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Six Perfectly Alluring Academic Mysteries

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What do the following have in common: rituals shrouded in mystery; a closed circle of suspects; backstabbing intelligentsia; built-in power structures; and beautiful settings, from the gothic to the bucolic. They could be features of many crime novels, no matter the genre, but they’re also some of the reasons why academia has proven such a rich source for crime fiction. Here are six standouts (five novels and one true crime).

gaudy night

Gaudy Night, Dorothy L. Sayers (1935)

I teach a course called Women Crime Writers as part of the Emerson College MFA program. Sayers’ novel was the first book I added to the syllabus (paired with her fantastic essay, “Are Women Human?”). Set in Oxford’s Shrewsbury College, the novel focuses on Lord Peter Wimsey’s occasional partner, Harriet Vane, who returns to attend a gaudy (a reunion of sorts) expecting to be called out for having been accused of murder (in 1930’s Strong Poison). Instead, Harriet has a blast – and snarks on plenty of her fellow alums herself – only to have the event marred by a series of malicious pranks, including a poison pen letter, graffiti, and vandalism. Harriet then calls on Wimsey to solve the crime.

This is by far my favorite of Sayers’ Lord Peter Wimsey novels, if only because it’s more of a Harriet Vane novel, and she’s a much more interesting character for me. It’s too bad that Sayers abandoned the series after one more book (1937’s Busman’s Honeymoon). Who knows what Harriet could have done if she’d been given her own novel?


The Matlock Paper, by Robert Ludlum (1973)

This early Ludlum thriller has many of the trademarks of his better-known novels—a solitary hero takes on a mysterious figure as he tries to bring down a massive crime organization. I love it because the hero is a professor at Connecticut’s Carlyle University, a stand-in for Ludlum’s (and my own) alma mater, Wesleyan University.

The Secret History Donna Tartt

The Secret History, by Donna Tartt (1992)

How can you write about academic novels without bringing in Tartt’s terrific debut? Set at the fictional Hampden College in Vermont (and based on Tartt’s very real alma mater, Bennington College), the novel follows a group of six academically gifted classics students who— no spoilers because happens in the first pages—kill one of their own. The novel follows the build up to and the aftermath from the crime and its lasting impact on those who survive. Reading the novel for the first time in a decade or so, I’m stunned by its intelligence, and how Tartt succeeds in creating richly drawn characters who are intelligent, annoyingly intelligent, and annoying, sometimes in the same paragraph. More than any other novel on this list, it makes me yearn for my own college days.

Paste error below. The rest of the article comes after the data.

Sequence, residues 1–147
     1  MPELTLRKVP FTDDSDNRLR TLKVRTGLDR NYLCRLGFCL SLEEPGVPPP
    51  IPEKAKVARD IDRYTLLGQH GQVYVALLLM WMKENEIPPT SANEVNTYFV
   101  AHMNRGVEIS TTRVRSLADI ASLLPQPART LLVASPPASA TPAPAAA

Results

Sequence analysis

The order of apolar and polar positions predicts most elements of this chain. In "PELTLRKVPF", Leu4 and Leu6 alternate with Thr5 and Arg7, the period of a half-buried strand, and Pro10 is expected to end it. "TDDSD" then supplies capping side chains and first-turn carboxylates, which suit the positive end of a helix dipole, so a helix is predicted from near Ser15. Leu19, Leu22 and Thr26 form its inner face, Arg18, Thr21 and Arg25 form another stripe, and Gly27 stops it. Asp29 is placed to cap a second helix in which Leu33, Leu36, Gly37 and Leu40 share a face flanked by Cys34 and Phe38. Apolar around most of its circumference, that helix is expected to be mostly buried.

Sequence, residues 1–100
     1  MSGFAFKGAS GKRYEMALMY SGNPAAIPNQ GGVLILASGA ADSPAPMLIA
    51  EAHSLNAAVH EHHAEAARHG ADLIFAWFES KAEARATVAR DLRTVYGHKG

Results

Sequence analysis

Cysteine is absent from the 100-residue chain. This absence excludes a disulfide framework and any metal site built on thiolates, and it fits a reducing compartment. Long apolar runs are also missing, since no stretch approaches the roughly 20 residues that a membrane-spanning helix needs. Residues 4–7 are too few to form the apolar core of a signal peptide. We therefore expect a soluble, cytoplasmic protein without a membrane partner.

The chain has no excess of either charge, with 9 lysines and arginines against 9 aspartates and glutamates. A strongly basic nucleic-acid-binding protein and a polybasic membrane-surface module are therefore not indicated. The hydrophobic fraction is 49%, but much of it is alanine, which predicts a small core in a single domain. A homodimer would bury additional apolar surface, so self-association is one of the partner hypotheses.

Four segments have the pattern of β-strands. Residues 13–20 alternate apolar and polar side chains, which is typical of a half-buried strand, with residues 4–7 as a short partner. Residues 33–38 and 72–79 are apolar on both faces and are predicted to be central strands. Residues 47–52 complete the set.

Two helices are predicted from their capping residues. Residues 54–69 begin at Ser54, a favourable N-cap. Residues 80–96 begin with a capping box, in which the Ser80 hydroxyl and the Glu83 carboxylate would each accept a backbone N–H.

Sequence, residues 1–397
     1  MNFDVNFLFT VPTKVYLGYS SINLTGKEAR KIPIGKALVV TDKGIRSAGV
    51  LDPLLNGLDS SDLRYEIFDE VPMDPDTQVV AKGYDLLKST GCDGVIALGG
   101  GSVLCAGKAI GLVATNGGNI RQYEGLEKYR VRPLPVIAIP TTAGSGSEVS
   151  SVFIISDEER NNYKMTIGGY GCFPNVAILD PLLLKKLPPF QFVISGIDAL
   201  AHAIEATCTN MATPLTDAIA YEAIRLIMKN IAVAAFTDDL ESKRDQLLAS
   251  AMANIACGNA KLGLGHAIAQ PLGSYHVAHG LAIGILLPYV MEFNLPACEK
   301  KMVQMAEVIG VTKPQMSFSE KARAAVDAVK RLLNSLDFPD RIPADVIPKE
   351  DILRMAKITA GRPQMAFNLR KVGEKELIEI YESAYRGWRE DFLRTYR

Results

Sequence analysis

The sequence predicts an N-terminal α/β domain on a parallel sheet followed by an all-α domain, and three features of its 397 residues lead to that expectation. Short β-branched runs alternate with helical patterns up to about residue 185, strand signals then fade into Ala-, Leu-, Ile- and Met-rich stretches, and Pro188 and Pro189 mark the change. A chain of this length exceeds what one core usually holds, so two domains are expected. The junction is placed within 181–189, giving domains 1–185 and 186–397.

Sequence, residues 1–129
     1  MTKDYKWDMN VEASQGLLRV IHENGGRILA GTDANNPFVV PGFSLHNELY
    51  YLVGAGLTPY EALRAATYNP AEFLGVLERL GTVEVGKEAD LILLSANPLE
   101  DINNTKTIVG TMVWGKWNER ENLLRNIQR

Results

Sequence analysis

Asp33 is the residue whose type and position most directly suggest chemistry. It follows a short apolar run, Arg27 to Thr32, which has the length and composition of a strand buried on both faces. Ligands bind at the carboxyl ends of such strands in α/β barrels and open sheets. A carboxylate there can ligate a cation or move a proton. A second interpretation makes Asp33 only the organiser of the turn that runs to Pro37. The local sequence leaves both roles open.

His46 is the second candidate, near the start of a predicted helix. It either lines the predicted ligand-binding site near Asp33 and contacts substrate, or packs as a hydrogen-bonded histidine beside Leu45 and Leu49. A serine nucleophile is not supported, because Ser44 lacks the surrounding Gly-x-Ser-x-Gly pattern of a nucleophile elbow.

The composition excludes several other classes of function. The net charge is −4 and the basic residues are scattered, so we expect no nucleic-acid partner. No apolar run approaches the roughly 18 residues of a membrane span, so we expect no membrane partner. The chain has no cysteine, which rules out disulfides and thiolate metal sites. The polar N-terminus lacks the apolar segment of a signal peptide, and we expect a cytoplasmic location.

The Widows of Malabar Hill

The Widows of Malabar Hill, by Sujata Massey (2018)

Set in colonial India in the early 1920s, this novel follows Perveen Mistry, an Oxford-educated lawyer dedicated to women’s rights. I often assign this novel in my MFA courses too, not only because Massey is a terrific writer who’s created a fantastic protagonist, but also because the novel is an excellent example of how to use time in character and story development. The novel takes place in 1921, with significant flashbacks to 1916 when Perveen was much younger and more naïve.

Technically, this isn’t a novel of academia, if only because Perveen leaves Bombay and attends Oxford during the years between the two main storylines, yet those years away infuse the story, and give Perveen the time and space to develop into a woman willing to offer a voice to those who might not have one otherwise.


The Truants, Kate Weinberg (2020)

The set-up for this novel is straightforward: intellectually curious Jess escapes her middle-class home when she discovers a book of literary criticism called The Truants by Dr. Lorna Clay. She enrolls in a third-tier university in east Anglia where everything is gray, from the buildings to the sky, to study with Dr. Clay, and soon finds herself part of a sexually entangled foursome. At first, the novel reads like equal parts Muriel Spark – the charismatic and controlling teacher who blurs the lines between professional and personal—and Donna Tartt—intelligent, annoyingly intelligent, and annoying students—but about two thirds of the way though, it takes a turn to the unexpected. Much like Jean Brodie’s girls in Spark’s The Prime of Miss Jean Brodie, Jess is a sponge ready to absorb personalities and ultimately test boundaries. The fun of this novel – as much a coming-of-age novel as a mystery – is learning who Jess decides to be.


We Keep the Dead Close, Becky Cooper (2020)

Jane Britton, a graduate student in Harvard’s anthropology department, was brutally murdered in the winter 1969. Cooper heard rumors of the murder as a Harvard undergraduate and eventually became obsessed with finding out what really happened to Britton. The narrative alternates between telling Britton’s story, and Cooper’s investigation, and the answer is a stunner.

My series is set in Boston and the main character, Hester Thursby, is a research librarian at Harvard’s Widener Library. Maybe in a future novel, I’ll have Hester partner with an intrepid undergrad ready to solve a fifty-year-old crime.

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Michael Neff
Algonkian Producer
New York Pitch Director
Author, Development Exec, Editor

We are the makers of novels, and we are the dreamers of dreams.

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